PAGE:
Sunday, November 16, 2008

Nameless Blogger Passing Holy Judgement (with thanks to Mary Shelley)

You might remember what happened the last time the Company tried to catch some Film Festival Fun up here in the great Northwest. Well, this time we bought our tickets early and showed up with oodles of time to spare and see a part of a film festival we sure as heckfire did.

In particular we saw "Shorts II: the Judges Selection," part of the NW Film Center's 35th Northwest Film and Video Festival. It featured nine shorts produced by people living in Portland, Seattle, or Vancouver BC. The judge who did the selecting is a New York director who used Oregon as the setting of her two films. I haven't seen either, but now would like to, if only to look for tendencies or artistic impulses within them that in some way mirror the tendencies or artistic impulses that informed her selection process.

If they were anything, the selections were eclectic. Now I'm not in the business of critiquing fellow filmmakers. I can't say that I was overly delighted with each and every one of the selections. Some I didn't like all that much, though in at least one film, that was the point. I can say that I'm glad we went, if only to see what else is out there, to see what other people are choosing to do with cameras in these northern lands of no sun and so much rain.

The night started out with Smile by Julia Kwan, a film about a Chinese-Canadian family getting ready for their free Sears portrait. It was a subtle character-driven piece about disconnection and other family joys. I thought it worked. Laugh, cry, all that. Of course, I'm a sucker for subtle, character-driven narratives. When you see Fine Arts that fact will no doubt be wholly and perhaps excruciatingly evident.

Smile was one of only two narrative films selected and the only narrative with dialogue. The other nod to story on film came towards the end of the evening, in a piece called The Rifle Workbook by Vincent Caldoni. Set in a nebulous late-nineteenth century Appalachia-esque time and place, it tells the story of towns folk who meet an angel figure in a forest and, after offering up tokens and personal effects, they receive in exchange a lost member of their community. It was a simple story, nicely shot with cool oldey timey film effects. It is also further evidence supporting my position that you can add emotional impact to anything with a soundtrack of either Philip Glass, Godspeed, or, in this case, Explosions in the Sky. No, believe me, it's true. While testing the camera, Brandon filmed me washing the dishes. He edited a two minute bit together with music from The Truman Show and profundity ensued. Try it, you'll see.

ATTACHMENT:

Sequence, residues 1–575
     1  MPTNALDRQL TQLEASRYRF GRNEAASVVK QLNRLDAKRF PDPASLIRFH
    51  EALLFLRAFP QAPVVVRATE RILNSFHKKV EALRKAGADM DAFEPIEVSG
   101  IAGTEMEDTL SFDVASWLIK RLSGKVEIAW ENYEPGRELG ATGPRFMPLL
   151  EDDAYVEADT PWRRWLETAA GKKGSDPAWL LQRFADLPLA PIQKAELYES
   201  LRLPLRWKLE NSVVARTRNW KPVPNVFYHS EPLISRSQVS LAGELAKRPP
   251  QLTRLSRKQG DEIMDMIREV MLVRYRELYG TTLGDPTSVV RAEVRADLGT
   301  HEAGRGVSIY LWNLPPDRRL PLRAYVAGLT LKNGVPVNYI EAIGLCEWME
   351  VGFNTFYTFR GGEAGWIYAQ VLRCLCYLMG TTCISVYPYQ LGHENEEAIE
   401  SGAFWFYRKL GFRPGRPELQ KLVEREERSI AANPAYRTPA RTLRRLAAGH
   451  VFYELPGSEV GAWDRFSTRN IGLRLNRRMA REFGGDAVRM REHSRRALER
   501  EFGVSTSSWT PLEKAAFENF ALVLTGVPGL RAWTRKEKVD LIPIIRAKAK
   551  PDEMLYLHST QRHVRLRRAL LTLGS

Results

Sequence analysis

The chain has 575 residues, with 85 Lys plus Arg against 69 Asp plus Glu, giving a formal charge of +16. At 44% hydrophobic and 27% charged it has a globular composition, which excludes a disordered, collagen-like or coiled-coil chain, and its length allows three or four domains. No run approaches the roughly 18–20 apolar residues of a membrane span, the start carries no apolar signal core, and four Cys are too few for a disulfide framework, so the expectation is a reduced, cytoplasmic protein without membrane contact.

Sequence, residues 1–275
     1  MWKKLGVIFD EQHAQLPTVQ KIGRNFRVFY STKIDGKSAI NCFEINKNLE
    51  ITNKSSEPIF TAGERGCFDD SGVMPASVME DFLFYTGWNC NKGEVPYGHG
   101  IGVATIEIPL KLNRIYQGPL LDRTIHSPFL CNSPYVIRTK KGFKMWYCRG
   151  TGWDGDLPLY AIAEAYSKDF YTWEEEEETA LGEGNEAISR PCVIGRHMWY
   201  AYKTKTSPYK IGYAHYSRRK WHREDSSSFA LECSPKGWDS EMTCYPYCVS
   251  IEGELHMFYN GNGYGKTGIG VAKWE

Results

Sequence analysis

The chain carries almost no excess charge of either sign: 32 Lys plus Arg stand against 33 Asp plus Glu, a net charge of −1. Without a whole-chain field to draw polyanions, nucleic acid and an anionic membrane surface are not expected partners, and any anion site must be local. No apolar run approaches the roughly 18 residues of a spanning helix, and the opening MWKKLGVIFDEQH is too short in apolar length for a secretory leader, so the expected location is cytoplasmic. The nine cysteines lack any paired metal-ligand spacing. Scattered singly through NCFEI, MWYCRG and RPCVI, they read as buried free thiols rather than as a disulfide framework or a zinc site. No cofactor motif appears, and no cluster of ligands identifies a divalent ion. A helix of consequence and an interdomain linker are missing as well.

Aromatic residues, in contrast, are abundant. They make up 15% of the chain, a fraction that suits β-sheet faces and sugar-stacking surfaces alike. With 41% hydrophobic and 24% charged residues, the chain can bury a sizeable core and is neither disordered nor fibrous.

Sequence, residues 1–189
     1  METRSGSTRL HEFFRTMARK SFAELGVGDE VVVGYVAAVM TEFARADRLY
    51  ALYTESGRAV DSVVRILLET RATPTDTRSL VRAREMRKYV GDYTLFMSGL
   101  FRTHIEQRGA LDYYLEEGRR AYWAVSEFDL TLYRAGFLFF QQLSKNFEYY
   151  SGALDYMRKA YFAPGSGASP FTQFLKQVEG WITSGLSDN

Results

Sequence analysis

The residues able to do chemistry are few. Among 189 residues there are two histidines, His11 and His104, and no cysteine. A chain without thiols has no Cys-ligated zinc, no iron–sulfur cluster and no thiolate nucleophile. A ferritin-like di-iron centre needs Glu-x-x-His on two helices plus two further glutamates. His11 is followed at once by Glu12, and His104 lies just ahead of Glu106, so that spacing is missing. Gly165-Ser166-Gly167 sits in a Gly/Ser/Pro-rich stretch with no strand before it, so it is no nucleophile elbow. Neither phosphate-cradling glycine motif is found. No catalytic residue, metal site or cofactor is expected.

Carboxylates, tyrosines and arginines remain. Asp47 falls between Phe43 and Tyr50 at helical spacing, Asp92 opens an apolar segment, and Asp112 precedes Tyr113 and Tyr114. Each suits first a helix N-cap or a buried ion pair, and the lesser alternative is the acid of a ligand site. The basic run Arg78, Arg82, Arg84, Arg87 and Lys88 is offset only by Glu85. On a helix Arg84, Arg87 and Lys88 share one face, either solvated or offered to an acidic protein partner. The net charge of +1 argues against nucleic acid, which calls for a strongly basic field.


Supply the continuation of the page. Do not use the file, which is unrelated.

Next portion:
Another highlight of the evening was a dance number filmed in Prague called Aboard the Pater Noster by Daniel Conrad. Aboard the Pater Noster translates to "aboard Our Father." In the Q&A following the screenings, Daniel explained that the Pater Noster is the name of the strange (and a little dangerous looking) elevator device that he used in the piece, basically a series of phone booth-sized wooden boxes that are strung along a vertical conveyor mechanism, like beads on a rosary. The short begins with the dancers doing slow, confined movements inside the elevator boxes. This segment goes on long enough to border on tedium, which makes the subsequent explosions of movement and music--on buses, on the streets of Prague, in old museum-like hallways--seem fully alive and unrestrained. Awesome. Beautiful to watch. Made me wish I were more bendy and rhythmically endowed.

The other selections ranged from documentary to performance art to art pieces--all with varying degrees of success. One piece actually elicited a boo from some Podunk audience member. Another made more than one member of the Company physically ill. And of course the warmest applause of the evening was reserved for the tell-it-like-it-is noble homeless guy doc.

In all, I'm glad we went. Sometimes you have to be reminded that it's not just you out there using your strength and will to force something into existence that is bigger and hopefully a little better than its constituent Frankenstein parts. And who knows? Maybe in a year or two from now, some nameless, opinionated blogger will be passing holy judgement on just such a monster offered up by this humble Company. How awesome would that be? Snarky as that future demi-pundit may be, t'would be a blessing that our poor creature was alive enough to be commented upon, before being borne away by the waves, and lost in darkness and distance...

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